while he's cooking an order, they have to wait until he's completed the current order. He
has simulated 5 orders.
Average utilization is:
Billy Hill's Still
William J Hill runs a small batch artisnal bourbon distillery at a secluded location in the
hills of Kentucky. He makes two products, known among his customers as Rotgut and
White Lightning. The recipes for the two have been passed down in the Hill family for
generations and are Rotgut: 1 bushel of corn, 3 pounds of sugar, 2 hours of cooking
time. For the premium blend, White Lightning, he needs 2 bushels of corn, 2 pounds of
sugar, and 3 hours of cooking time. Both recipes make enough to fill two jugs, which
sell for $8 apiece for Rotgut and $12 apiece for White Lightning.
A quick inventory one crisp autumn morning reveals that William has on hand 40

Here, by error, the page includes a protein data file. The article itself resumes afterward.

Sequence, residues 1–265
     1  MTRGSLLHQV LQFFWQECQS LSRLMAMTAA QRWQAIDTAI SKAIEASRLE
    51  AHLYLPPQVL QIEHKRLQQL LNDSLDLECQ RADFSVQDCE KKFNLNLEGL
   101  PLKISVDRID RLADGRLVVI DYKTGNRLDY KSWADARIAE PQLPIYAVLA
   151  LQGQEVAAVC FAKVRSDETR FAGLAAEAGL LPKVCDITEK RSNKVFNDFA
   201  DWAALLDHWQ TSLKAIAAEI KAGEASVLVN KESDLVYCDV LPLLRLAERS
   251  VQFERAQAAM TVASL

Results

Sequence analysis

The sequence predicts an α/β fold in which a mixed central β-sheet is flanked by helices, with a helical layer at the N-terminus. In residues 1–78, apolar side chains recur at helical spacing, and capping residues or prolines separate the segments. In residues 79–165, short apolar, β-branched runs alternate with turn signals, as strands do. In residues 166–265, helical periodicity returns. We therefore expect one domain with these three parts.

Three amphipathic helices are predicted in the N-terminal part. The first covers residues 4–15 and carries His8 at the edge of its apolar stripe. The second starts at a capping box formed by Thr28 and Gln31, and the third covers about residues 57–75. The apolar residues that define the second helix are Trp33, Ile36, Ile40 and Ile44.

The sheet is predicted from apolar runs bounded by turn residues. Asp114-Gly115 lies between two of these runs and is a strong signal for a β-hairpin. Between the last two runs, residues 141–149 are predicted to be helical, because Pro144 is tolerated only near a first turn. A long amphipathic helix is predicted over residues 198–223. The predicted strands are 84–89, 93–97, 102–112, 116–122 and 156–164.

bushels of corn, 70 pounds of sugar, and 50 jugs. He would like to brew up a few
artisnal batches, but has recently received a tip that certain agencies have taken an
interest in his talents and may be paying him a visit in three days, hence he plans to
restrict any brewing activity to 72 hours at most, before he retreats to his home away
from home, Lubbock.
William cleans his equipment, lights a fire, and ponders the objectives. Obviously the
first priority is restricting himself to 72 hours of work any more than that and he runs
the risk of an extended holiday. His second priority to make enough to acquire materials
for the next production run and fund his daughter's college tuition - he believes that
$500 would make this production run worth his while. His third and fourth priorities are
not to have too much perishable inventory, so he wants to make sure he doesn't have too
many bushels of corn on hand (third priority) nor does he want too many pounds of
sugar on hand (fourth priority).
Which is the appropriate time constraint for this scenario?